GMPA supported the work of the Commission by bringing together a ‘Poverty Reference Group’. The group was made up of people with lived experience of poverty who have been involved in engagement and co-production projects across Greater Manchester (including poverty truth commissions, the Elephants Project, Creative Inclusion, the BME Network, GM Coalition of Disabled People, Migrant Help, Support & Action Women’s Network, and Legislative Theatre). The aim of the group was to inform and reflect on the work of the commission, complementing other engagement work (including engaging with the Equalities Panels). The meetings generated a range of innovative recommendations that were grounded in real world experience of poverty, including how to:

•  Reduce barriers to employment, and tackle stigma and bias in recruitment and in the workplace;
•  Improve job quality, and increase access to education and training;
•  Listen meaningfully to communities;
•  Give communities the power to tackle for themselves the problems that affect them.

A number of key areas that GMPA has been working on are included in the report, including a call for the Combined Authority to adopt the socio-economic duty and, building on the Poverty Reference Group, the establishment of a new Panel for people with lived experience of poverty to inform and shape policy.

GMPA wants to see a city-region where we put tackling socio-economic disadvantage at the heart of what we do. We have more councils (working with partners) with poverty strategies in place and examples of good practice and innovation in tackling poverty across Greater Manchester. The Real Living Wage is become more embedded, with plans to create a Living Wage City Region. GMPA is working hard to create a stronger focus on preventing and reducing poverty.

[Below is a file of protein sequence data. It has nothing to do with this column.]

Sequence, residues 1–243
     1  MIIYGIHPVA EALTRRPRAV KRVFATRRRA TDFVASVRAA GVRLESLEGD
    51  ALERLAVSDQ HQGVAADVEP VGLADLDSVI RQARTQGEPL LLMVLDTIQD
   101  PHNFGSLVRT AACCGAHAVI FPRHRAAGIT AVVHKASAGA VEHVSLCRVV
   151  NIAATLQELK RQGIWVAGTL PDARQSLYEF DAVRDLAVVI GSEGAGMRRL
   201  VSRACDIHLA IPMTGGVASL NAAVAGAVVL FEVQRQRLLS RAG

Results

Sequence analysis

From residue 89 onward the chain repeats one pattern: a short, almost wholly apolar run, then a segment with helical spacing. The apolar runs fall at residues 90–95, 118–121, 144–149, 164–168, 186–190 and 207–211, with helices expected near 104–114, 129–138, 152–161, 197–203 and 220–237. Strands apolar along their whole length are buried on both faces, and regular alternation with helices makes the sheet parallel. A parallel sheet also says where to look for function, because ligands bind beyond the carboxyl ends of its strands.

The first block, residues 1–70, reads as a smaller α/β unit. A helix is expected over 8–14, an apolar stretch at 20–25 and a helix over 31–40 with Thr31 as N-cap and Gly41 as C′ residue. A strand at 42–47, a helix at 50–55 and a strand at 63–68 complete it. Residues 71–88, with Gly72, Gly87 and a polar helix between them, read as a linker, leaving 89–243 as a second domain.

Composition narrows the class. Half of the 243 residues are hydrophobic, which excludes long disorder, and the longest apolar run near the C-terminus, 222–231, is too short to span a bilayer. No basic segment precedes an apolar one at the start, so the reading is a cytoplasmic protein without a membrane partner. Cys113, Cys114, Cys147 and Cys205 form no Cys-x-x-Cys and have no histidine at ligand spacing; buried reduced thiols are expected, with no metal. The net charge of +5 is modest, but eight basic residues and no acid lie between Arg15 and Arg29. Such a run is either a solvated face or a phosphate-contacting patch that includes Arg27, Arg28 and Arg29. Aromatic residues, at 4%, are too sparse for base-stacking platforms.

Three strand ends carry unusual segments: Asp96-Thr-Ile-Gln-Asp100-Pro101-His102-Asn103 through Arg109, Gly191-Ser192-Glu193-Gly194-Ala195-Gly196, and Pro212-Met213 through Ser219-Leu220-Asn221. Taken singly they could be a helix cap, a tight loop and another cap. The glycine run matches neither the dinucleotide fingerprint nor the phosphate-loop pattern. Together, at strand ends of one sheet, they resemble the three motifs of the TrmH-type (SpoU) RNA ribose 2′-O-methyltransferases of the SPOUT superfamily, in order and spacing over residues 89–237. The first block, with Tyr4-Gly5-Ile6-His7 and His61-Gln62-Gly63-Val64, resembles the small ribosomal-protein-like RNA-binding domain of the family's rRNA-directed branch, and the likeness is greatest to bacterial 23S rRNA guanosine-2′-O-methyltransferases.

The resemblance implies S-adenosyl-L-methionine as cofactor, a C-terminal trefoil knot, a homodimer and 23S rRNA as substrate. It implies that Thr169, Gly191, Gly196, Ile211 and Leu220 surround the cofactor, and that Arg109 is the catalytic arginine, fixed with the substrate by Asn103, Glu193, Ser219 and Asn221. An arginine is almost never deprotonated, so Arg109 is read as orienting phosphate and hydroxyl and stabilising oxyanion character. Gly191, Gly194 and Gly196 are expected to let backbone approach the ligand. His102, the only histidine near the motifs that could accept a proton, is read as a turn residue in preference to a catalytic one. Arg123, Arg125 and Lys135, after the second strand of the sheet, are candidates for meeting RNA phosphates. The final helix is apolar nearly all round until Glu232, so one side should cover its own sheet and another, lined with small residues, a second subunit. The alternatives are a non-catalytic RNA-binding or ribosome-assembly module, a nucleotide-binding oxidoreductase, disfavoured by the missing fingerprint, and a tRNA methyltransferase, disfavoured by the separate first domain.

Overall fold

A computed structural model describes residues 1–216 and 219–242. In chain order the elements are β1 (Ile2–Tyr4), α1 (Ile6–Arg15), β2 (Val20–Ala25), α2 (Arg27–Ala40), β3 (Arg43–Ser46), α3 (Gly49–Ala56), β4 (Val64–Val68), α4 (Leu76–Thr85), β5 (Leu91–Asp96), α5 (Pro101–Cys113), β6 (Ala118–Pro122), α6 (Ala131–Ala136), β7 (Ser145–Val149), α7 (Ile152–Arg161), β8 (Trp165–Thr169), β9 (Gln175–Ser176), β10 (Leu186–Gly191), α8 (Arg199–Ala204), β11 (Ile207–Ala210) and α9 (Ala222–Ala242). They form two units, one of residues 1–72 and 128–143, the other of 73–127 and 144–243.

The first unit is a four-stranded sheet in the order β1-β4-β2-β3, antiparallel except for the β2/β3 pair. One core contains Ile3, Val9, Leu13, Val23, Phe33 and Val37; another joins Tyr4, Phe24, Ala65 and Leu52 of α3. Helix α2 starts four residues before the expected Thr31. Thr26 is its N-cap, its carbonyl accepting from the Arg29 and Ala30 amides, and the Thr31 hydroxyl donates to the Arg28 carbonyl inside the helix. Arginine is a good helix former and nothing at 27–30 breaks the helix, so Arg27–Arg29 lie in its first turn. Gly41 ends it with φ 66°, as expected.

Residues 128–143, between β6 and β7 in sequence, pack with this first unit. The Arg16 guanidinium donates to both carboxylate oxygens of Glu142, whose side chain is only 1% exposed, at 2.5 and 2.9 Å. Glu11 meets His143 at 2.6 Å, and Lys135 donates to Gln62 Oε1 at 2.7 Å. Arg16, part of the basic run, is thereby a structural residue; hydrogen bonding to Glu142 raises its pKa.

Graham Whitham, CEO GMPA for GM Poverty Action

Graham Whitham, CEO GMPA

We need to go further and embed a focus on poverty and socio-economic disadvantage in everything we do. It is helpful therefore, that the Commission has articulated a clear framework for understanding the intersection between socio-economic disadvantage and poverty and other inequalities.

Next week Greater Manchester goes to the polls for the Mayoral Election. It is important that together with whoever wins, we implement the recommendations of the Commission.

 

i3oz9sTime for a step change in how we address socio-economic disadvantage
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Tameside Poverty Truth Commission

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Tameside Poverty Truth Commission: Recruiting for Commissioners

We are currently recruiting 12 to 15 key civic and business leaders, and 12 to 15 people with lived experience of poverty from across Tameside.

Do you live in Tameside and have lived experience of poverty or know anyone who does?

Would you be interested in sharing your story of the struggles you have faced with people in positions of influence within Tameside so that together we can come up with ideas that will help others living in poverty?